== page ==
There is nothing demonstrably true that religion can provide the world that cannot be achieved more rationally through entirely secular means.

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    Re: Is Neoconservatism a form of centrism or conservatism?

    Since you grouped "centrist" and "moderated" incorrectly together I couldn't vote in the poll.

    Centrist is actually likely the best term out of the normal American "Left, Right, Moderate, Centrist" definition. They are individuals who have moderate to strong views that come from both sides of the spectrum. This is different than a moderate who is someone generally views that are not strongly towards either side of the spectrum.

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    Re: Is Neoconservatism a form of centrism or conservatism?

    The way I normally think of "neoconservative" is someone who favors using military might and intervention in other country's internal affairs to make the world a better place. That is fundamentally a liberal/progressive mindset, although most liberals and progressives do not support anything nearly as aggressive as the neoconservatives do. I don't think it's inherently conservative, as I typically think of "conservative" to mean someone who either favors tradition / status quo, or someone who actively works to make society more like it was at a previous point in time. Neither of those are accurate descriptions of neoconservatives.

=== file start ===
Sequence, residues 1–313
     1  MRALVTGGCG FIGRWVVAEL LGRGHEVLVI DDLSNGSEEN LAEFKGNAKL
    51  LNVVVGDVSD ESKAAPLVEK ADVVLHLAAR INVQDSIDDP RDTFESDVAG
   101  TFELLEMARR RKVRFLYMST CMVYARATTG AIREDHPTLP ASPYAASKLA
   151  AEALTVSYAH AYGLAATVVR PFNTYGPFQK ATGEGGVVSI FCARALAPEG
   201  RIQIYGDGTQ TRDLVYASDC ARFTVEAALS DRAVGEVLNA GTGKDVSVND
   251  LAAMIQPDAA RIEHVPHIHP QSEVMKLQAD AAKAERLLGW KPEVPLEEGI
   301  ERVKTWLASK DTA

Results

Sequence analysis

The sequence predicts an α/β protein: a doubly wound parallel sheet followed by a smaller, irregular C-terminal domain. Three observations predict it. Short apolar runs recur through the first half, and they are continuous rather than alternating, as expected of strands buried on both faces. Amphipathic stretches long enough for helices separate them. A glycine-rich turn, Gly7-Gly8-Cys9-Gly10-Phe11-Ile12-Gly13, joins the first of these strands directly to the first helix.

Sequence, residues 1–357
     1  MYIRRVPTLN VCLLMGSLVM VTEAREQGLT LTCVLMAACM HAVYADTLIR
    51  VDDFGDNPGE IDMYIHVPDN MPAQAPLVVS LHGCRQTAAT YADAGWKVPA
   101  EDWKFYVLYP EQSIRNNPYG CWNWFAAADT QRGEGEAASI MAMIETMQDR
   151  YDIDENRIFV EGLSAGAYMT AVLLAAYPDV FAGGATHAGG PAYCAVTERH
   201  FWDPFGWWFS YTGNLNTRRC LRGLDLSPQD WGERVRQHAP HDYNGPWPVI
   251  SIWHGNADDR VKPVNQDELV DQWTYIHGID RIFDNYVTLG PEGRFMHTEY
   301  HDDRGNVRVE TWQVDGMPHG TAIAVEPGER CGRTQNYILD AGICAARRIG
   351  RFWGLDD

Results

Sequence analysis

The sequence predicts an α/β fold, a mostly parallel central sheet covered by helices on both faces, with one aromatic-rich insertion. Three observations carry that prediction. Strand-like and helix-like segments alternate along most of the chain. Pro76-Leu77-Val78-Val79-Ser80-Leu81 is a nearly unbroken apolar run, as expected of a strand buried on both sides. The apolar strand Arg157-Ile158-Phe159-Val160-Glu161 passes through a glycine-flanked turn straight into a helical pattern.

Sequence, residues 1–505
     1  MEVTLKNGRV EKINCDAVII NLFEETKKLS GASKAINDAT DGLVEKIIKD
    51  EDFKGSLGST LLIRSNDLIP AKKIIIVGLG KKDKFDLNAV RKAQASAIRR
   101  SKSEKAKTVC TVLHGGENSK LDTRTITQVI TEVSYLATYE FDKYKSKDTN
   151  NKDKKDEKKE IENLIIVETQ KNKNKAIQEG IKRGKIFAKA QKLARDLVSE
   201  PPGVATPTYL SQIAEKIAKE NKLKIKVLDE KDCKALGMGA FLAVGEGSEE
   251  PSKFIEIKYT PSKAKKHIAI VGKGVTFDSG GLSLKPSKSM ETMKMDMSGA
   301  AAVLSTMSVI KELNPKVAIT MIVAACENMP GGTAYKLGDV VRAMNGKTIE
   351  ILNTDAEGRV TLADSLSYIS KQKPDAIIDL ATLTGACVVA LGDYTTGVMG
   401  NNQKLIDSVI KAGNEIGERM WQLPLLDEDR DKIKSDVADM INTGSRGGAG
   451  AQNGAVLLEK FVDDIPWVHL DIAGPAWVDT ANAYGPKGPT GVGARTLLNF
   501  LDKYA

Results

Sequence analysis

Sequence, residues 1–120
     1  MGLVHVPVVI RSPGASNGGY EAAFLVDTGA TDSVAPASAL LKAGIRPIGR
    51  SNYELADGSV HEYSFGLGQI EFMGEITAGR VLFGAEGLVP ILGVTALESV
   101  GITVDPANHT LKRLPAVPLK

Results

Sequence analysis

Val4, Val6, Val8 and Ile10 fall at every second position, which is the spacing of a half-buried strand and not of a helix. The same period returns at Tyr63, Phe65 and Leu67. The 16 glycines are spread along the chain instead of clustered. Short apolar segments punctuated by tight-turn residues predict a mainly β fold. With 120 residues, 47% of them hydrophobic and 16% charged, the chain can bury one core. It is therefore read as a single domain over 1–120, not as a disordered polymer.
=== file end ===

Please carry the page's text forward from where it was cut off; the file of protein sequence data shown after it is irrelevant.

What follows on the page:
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    Re: Is Neoconservatism a form of centrism or conservatism?

    Quote Originally Posted by mgblack View Post
    You've doubtlessly read and seen quite a bit of neoconservatism by now.
    There is no such thing as neoconservatism. It is fascism.

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    Re: Is Neoconservatism a form of centrism or conservatism?

    [reposted yet again]

    Re: What is Neo-Conservative?